Book Signing and Talk of ‘The Evolution of the Saluki or Tazı as an Enduring Part of the Cultural Heritage of the Middle East” by Sir Terence Clark

Yunus Emre Institute London was delighted to present a new and fascinating talk as part of the Arts & Culture Lecture series with Sir Terence Clark on “The Evolution of the Saluki or Tazı as an Enduring Part of the Cultural Heritage of the Middle East” on Thursday, 8th of December at 19:00.


In this special talk, Sir Terence Clark focused on the importance of Salukis, namely the Saluki hunting hound, as a unique part of the Middle Eastern cultural heritage that uniquely links the prehistoric past with the present day in an unbroken continuum.

Focusing on the physical features of the Salukis during the first parts of his talk, Sir Terence Clark explained how Salukis, as a rare hunting hound in the Middle Eastern context, might look quite different from the image of the Saluki in the west with its tall, elegant frame and generously feathered or long-haired ears and tail. He claims that the native Saluki has much less feathering or is entirely smooth or shorthaired and of smaller stature, often with cropped ears and henna-stained feet to prevent damage while hunting as it is a working hound that has been bred for millennia primarily for coursing gazelle and deer over open terrain. During this part of the talk, Sir Terence Clark demonstrated example pictures of Salukis in their natural habitat in Mesopotamia and pointed out that although staining feet and tails of Salukis with henna was already a custom over 500 years old, the emergence of it as a hunting hound in history goes back much farther into the cradle of civilization in Mesopotamia.

Sir Terence Clark discussed about what it is that makes a mere dog so special, particularly in a middle eastern context where dogs in general are shunned. He suggested that the history shows that the saluki is no ordinary dog, and it should never be referred to as kelb, which means dog in Arabic, but instead it should only be referred to as “Saluki” or “al-Hurr”, which means “The Free” or “The Noble One”. He stressed that this special status is not of recent origin, as the saluki has played an exceptional role in middle eastern societies for millennia. It was even referred to as “The Companion of Kings”, as it was so often portrayed in the company of rulers across the region either beside an Egyptian pharaoh or an Ottoman Sultan.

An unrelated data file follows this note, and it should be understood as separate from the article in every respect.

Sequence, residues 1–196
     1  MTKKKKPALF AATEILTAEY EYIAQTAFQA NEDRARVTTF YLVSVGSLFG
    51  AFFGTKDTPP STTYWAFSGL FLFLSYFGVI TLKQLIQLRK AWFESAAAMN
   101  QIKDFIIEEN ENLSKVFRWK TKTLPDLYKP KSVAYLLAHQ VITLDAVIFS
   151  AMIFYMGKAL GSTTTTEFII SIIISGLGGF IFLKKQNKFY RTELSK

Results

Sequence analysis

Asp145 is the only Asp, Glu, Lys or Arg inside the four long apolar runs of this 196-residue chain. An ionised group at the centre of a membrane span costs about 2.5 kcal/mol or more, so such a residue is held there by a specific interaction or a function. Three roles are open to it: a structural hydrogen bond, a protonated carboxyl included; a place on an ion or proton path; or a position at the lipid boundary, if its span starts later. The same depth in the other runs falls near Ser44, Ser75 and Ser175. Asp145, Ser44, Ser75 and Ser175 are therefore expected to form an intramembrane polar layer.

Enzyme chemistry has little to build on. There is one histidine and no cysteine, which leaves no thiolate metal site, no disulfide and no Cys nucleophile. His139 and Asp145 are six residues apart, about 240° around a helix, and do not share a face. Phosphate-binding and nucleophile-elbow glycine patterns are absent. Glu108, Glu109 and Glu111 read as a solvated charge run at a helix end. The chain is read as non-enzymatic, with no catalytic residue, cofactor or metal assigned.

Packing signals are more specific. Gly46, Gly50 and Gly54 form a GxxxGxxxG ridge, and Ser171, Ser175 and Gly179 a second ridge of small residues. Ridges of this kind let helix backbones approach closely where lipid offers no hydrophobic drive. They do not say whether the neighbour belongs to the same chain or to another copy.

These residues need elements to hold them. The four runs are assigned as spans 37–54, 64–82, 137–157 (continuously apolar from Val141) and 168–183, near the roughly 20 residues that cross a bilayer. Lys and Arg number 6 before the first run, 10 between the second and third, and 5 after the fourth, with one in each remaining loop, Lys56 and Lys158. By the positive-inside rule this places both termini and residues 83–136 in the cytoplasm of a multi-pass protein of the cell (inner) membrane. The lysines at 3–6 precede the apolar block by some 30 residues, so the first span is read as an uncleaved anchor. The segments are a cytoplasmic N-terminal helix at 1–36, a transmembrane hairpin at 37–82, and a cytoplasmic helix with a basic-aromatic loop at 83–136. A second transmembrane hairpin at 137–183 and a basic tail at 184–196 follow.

During the second part of the talk, Sir Terence Clark analysed the examples of various Saluki skeletons that were found in Mesopotamia and the Middle East, by using the accounts of archaeologists from different eras. He gave examples of the representation of Salukis in the prehistoric period as a prominent symbol depicted on wall paintings or on various artifacts such as painted pottery pieces. He also talked about the oldest representations of the Saluki type of hunting hound on impression seals as described by the excavators, and the saluki figurines dating nearly 6000 BC.

Elaborating on the Saluki records in history, Sir Terence Clark then discussed the vibrant interest of the Romans who were also equally fond of hunting with Salukis and represented them often in their mosaics all over the Middle East and North Africa. He suggested that the Saluki record is then carried on by the pre-Islamic poets of the Arabian Peninsula, as poetry has always been an important part of Arabic culture. In this regard, Sir Terence Clark gave examples of how the Salukis were mentioned in prominent literary works such as prominent qasidas of the great poets in the pre-Islamic era and during the late 6th century. Through a careful reading of these poems and medieval manuscripts in which Salukis are illustrated, Sir Terence Clark systematically explored the origin of Salukis and highlighted the similarities between the ways in which they are presented in the past and the present.


Sir Terence concluded his speech by stating that, despite the injunction on Muslims not to handle dogs, which are generally regarded as najis or unclean unless spiritually cleansing themselves afterwards, an exception was made for the Salukis from the beginning of Islam. He stated that the evidence for this can be found in the Qur’an and Hadith, or sayings attributed to the Prophet.

Overall, Sir Terence Clark illustrated how the tradition of owning Saluki-like hunting hounds has managed to survive many upheavals that have beset the region over the centuries, and that it continues to experience an extraordinary revival in some regions today. Its unique place in the Middle East’s cultural heritage remains assured.

The event concluded with a lively Q&A session from the audience and a book signing by Sir Terence Clark of his noted work “The Salukis in My Life: From the Arab World to China”.


 About the Speaker: 

Sir Terence Clark graduated from the Royal Air Force as a Pilot Officer Russian linguist. He then entered the British Diplomatic Service and was sent for training in Arabic to the Middle East Centre for Arab Studies in Lebanon. His career took him all over the Middle East and North Africa, with service in Bahrain, Jordan, Morocco, the Trucial States (later United Arab Emirates), Oman, and Libya and culminated with his appointment as Ambassador first to Iraq and then to Oman. He acquired his first Salukis in Iraq but went on to breed them and course with them in Europe. In retirement he has travelled extensively in the region and wider afield in Central Asia to keep in touch with exponents of the breed there. He is the author of several books and many articles on the history and development of Salukis in their countries of origin.

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